from The American Heritage® Dictionary of the English Language, 4th Edition

  • n. Any of various butterflies of the genus Colias and related genera of the family Pieridae, having yellow or orange wings marked with black.
  • n. Variant of sulfur.

from Wiktionary, Creative Commons Attribution/Share-Alike License

  • n. Alternative spelling of sulfur.
  • v. Alternative spelling of sulfur.

from the GNU version of the Collaborative International Dictionary of English

  • n. A nonmetallic element occurring naturally in large quantities, either combined as in the sulphides (as pyrites) and sulphates (as gypsum), or native in volcanic regions, in vast beds mixed with gypsum and various earthy materials, from which it is melted out. Symbol S. Atomic weight 32. The specific gravity of ordinary octohedral sulphur is 2.05; of prismatic sulphur, 1.96.
  • n. Any one of numerous species of yellow or orange butterflies of the subfamily Pierinæ.

from The Century Dictionary and Cyclopedia

  • n. Chemical symbol, S; atomic weight, 31.98. An elementary substance which occurs in nature as a brittle crystalline solid, with resinous luster, almost tasteless, and emitting when rubbed or warmed a peculiar characteristic odor.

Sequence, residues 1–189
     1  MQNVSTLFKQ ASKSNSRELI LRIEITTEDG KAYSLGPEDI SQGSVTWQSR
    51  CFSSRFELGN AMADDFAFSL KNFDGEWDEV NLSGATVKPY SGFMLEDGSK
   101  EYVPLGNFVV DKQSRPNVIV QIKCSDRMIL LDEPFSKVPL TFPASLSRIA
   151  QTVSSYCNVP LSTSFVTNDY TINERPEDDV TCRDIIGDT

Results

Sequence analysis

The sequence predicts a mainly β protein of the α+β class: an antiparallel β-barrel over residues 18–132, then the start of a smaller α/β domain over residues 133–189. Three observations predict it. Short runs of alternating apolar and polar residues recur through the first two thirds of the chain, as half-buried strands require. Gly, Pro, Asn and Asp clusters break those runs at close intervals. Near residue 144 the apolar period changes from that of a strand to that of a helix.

• n. The supposed substance of lightning.
  • n. In zoology, one of many different pieridine butterflies: a yellow pierian.
  • Of the color of brimstone, or stick-sulphur; of a very greenish, excessively luminous, and highly chromatic yellow: used in zoölogy in many obvious compounds: as, sulphur-bellied; sulphur-crested.
  • To apply sulphur to; also, to fume with sulphur;, sulphurate.
  • n.

from WordNet 3.0 Copyright 2006 by Princeton University. All rights reserved.

  • v. treat with sulphur in order to preserve
  • n. an abundant tasteless odorless multivalent nonmetallic element; best known in yellow crystals; occurs in many sulphide and sulphate minerals and even in native form (especially in volcanic regions)


Short for sulphur butterfly.
(American Heritage® Dictionary of the English Language, Fourth Edition)



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  • This was used in "The Greek Interpreter." and almost killed the interpreter and made Mycroft, Sherlock, Watson and the guys from Scotland Yard sick.

    December 24, 2012

  • Also sulfur.

    October 14, 2008